Each day, nearly a million people experience the architecture in the Washington, D.C. Metro, either in stations Haary Weese designed or ones derived from his common design kit-of-parts. This makes the metro, which opened in 1976, second only to New York City’s subway in daily ridership. The AIA recognized an architectural design of enduring significance.
Station-to-station, line-to-line, its unity and coherence is immutable. Across 86 stations (underground, at-grade, and elevated) spread over five lines that cover 106 miles, the design identity of each station shines through. If one’s commute begins at a ground-level suburban fringe station next to a parking lot and ends at a hub of crisscrossing train tracks deep below downtown D.C., the common design elements and shared materials make each space navigable and understandable. Colossal concrete vaults, granite and bronze are put together in an unmistakably monumental, Mid-Century Modern manner. These design elements, created by Weese over 40 years ago, still define Metro, as its newest stations on the Silver Line march further into the Virginia suburbs, set to open later in 2014.
From 1960 to 1970, the population of the Washington, D.C. metropolitan region exploded, adding nearly a million people, even as the population of the District of Columbia shrank. Metro would better connect the city and suburbs, and make urban living more convenient and vibrant. Implicitly, there was the hope that investing in Metro would save the suffering mid-century city as a typology, giving the nation a successful case study of how transit can help turn around urbanism in decline.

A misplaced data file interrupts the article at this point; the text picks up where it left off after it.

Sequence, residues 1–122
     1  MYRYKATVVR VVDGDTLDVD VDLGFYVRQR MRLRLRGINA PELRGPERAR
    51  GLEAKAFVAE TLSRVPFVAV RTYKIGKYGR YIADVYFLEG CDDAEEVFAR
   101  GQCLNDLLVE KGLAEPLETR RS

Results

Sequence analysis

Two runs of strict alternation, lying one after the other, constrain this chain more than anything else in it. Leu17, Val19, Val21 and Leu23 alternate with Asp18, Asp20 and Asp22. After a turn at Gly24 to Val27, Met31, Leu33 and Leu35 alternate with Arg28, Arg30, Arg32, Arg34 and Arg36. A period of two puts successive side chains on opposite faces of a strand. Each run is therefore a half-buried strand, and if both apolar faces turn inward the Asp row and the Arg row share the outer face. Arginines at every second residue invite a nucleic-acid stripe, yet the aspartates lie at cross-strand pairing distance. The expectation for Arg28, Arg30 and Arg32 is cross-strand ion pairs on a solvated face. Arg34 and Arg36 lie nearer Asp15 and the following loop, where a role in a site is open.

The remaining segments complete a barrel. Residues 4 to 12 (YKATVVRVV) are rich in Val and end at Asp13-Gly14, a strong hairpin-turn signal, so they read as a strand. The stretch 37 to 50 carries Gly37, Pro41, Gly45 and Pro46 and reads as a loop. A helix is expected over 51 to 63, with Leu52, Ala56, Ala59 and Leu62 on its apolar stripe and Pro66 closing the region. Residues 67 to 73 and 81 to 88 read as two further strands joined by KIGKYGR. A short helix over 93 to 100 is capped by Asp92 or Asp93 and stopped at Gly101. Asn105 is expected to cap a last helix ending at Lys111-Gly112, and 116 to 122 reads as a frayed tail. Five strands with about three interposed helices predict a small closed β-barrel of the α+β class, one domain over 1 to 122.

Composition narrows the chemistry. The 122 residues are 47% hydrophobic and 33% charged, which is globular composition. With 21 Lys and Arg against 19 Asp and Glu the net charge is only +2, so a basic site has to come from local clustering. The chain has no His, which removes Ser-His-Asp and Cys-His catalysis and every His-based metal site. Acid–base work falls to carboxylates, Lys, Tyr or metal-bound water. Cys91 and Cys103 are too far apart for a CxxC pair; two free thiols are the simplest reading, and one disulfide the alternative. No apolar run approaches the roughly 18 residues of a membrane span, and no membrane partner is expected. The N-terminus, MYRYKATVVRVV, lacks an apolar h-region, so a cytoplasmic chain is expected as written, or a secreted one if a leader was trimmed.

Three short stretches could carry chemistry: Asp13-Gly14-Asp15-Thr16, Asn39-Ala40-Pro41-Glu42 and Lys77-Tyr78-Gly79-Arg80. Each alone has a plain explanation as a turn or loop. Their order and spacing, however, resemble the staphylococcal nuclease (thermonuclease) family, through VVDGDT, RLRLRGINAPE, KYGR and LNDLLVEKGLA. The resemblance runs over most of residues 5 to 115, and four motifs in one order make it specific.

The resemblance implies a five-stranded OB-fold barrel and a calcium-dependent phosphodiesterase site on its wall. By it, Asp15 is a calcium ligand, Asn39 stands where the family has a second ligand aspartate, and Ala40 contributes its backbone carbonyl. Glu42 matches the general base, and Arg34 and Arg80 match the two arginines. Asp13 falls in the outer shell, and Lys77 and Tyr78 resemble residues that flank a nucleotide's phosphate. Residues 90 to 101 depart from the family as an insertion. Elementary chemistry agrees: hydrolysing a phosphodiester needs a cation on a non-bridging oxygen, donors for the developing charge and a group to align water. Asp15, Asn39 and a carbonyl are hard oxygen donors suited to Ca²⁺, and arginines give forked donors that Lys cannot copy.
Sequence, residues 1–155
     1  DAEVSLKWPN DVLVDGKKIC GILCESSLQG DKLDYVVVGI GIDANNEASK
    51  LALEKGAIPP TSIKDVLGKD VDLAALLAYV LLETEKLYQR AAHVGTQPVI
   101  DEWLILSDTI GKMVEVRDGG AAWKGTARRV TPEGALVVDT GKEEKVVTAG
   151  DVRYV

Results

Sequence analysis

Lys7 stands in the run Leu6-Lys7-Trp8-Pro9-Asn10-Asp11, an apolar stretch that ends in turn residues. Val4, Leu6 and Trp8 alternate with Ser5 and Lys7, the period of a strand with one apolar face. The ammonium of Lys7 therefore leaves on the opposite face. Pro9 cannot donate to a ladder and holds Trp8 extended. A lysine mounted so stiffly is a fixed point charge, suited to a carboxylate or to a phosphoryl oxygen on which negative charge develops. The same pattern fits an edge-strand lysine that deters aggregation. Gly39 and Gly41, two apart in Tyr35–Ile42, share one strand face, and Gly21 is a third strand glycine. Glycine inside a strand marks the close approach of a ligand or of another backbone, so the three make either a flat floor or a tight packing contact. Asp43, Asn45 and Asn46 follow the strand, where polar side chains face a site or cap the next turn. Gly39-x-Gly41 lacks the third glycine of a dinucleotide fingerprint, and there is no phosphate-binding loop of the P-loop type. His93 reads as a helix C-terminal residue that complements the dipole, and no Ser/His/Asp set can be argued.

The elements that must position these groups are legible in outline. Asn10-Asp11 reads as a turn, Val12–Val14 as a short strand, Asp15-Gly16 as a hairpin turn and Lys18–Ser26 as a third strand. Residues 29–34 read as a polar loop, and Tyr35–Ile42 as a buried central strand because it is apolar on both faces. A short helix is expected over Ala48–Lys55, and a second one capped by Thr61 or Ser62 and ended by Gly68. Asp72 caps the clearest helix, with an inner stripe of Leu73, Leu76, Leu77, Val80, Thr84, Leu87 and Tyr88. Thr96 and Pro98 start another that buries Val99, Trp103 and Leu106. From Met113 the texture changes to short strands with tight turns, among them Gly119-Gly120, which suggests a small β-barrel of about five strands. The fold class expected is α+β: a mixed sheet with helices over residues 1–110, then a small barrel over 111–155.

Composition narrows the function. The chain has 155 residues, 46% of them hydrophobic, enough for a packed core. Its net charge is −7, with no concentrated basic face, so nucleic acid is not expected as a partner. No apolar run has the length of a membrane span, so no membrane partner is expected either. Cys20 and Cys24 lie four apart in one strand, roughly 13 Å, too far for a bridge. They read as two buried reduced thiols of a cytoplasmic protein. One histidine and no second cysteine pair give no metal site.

“The Metro changed Washington, D.C., from a sleepy Southern town into a world-class capital city,” said Jack Hartray, who worked for Weese on Metro. From the outset, Weese and Metro knew exactly what they did not want: the New York City subway. Metro was defined totally in opposition to the most successful urban rail transit system in North America. Instead, Metro would be airy, spacious, and ennobling. It would accomplish this through size and scale. As Harry Weese explained in The Great Society Subway, “Our whole thrust is to maximize the volume.” It would use the formal language of monumental civic architecture, seen so often in Washington’s federal buildings, and watch it seep into the earth, below ground, for the yeoman’s task of public transit.
Washington’s recent ascendance, beyond being the national political capital, into an emerging cultural and artistic creative class destination probably couldn’t have happened without Metro. It’s radically reshaped D.C., enabling the redevelopment of long-suffering neighborhoods into magnets for the young, highly educated and affluent knowledge economy workers that drive its booming economy.
The Twenty-five Year Award is conferred on a structure that has stood the test of time by embodying architectural excellence for 25 to 35 years. Projects must demonstrate excellence in function, in the distinguished execution of its original program, and in the creative aspects of its statement by today’s standards. The award will be presented this June at the AIA National Convention in Chicago, the home of its architect, Harry Weese, who died in 1998.